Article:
To mark the occasion of the fifth anniversary of the murder of investigative journalist Anna Politkovskaya, RFE/RL Russian Service correspondent Danila Galperovich spoke with Council of Europe Human Rights Commissioner Thomas Hammarberg about that case, as well as about other high-profile murder investigations and key human rights issues in Russia.
RFE/RL: We are now speaking on a very sad occasion -- the fifth anniversary of the murder of journalist Anna Politkovskaya. What must the Russian authorities do so that Europe will say that Russia is trying to identify and prosecute those who are responsible?
The most important thing is to clarify the case totally so that those who are responsible are brought to justice and punished. And that would include everyone who was involved -- not only the killer himself, but also those who guided the killer, those who financed the killing, those who ordered the killing. Everyone involved, not least those who have the political or moral responsibility behind the decision that she should be killed.
It is absolutely crucial that they are brought to justice, otherwise there will still be an atmosphere of impunity and that would send an extremely negative message. Now, five years have passed and that's already a very long time. And it is absolutely crucial now that this matter is clarified promptly -- of course, according to all the basic rules of justice.
RFE/RL: You have had talks with officials in Moscow. What information do you have from these contacts?
Yes, I have sort of an ongoing dialogue on this case. It has been for some time with the prosecutor-general, [Yury] Chaika, and in the recent couple of years, with the Investigative Committee, led by [Aleksandr] Bastrykin. I've raised this issue every time we've met and I assume they have registered my concern and my feeling of urgency when it comes to this. And the response I've gotten so far is that they are working on it, they give it priority, and that more and more people are sort of identified as having been involved.
Now the test of all this is there. It is time to start the trial again -- the real trial -- and to bring forward all the evidence and assure that those who are genuinely responsible are brought to justice.
Activists hold portraits of Natalya Estemirova during a rally in Moscow in 2010.
RFE/RL: There are two other high-profile deaths currently being investigated -- Natalya Estemirova and Sergei Magnitsky. Let's start with Estemirova. What signals have you received from Moscow about this case and why is it moving so slowly? Is it moving slowly because of Chechnya?
Again, this is, from our side, a priority case. Natalya Estemirova was a genuine human rights defender and she was, of course, a human rights activist. She combined human rights research with journalism and, again, she was -- as Anna Politkovskaya -- very important in order to bring out basic facts about human rights violations, basically in Chechnya. So I think it is again a case where it is urgent that the truth comes out.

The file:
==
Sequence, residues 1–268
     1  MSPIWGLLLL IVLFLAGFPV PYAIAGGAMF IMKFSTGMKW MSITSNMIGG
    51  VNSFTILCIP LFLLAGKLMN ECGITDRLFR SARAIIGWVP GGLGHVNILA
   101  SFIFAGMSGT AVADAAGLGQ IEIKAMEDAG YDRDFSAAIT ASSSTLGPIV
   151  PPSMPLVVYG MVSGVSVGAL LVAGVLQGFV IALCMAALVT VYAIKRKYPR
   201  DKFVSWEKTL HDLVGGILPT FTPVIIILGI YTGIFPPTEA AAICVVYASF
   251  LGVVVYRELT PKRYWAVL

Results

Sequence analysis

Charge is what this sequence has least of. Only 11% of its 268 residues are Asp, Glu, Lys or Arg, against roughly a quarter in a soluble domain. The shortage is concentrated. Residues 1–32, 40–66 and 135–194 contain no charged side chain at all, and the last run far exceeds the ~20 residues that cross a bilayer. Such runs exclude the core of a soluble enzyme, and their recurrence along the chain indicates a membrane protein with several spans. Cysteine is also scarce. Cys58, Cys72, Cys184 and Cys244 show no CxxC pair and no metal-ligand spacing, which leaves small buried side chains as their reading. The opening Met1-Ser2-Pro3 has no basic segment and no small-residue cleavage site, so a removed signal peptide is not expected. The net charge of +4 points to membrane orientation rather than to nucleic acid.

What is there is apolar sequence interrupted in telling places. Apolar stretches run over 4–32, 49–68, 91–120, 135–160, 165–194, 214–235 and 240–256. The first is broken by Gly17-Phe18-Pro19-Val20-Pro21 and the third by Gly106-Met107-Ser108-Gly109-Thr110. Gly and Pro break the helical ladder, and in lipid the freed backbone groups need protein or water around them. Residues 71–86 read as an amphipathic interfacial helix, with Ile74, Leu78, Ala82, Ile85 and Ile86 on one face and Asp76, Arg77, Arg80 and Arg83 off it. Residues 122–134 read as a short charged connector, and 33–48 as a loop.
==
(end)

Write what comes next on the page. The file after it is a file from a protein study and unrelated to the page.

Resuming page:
I have raised it again several times and the answer I get is that the case is given priority -- responsibility for the investigation has been put on the federal level rather than the republican level -- and that they are doing their utmost. But time is passing and there really is now a need to show what has been done and now, in this case, bring those who are responsible to justice. And not only those who actually did it, but also those who were behind it.
RFE/RL: When I asked whether it was because of Chechnya, I was hoping to hear your opinion on the atmosphere in Chechnya.
On Chechnya, as with a couple other republics in the North Caucasus, we again published a report recently. I was there in the early part of this year and there are still there deep concerns about the human rights situation. There are still disappearances taking place and there are a great number of cases of disappearances and killings which have not been clarified.
That again means that an atmosphere of impunity is reigning and that in turn has very negative effects on people, including journalists, of course, because people are afraid that they may be apprehended, kidnapped, or killed if they are too active as human rights defenders or journalists.
RFE/RL: Let's turn to Sergei Magnitsky. What do you think about this case generally? Maybe you are planning to do something.
The case itself is extremely serious, of course. And I also noticed in fact that President Dmitry] Medvedev took a strong position, saying that this is a serious matter and needs to be investigated thoroughly, etc.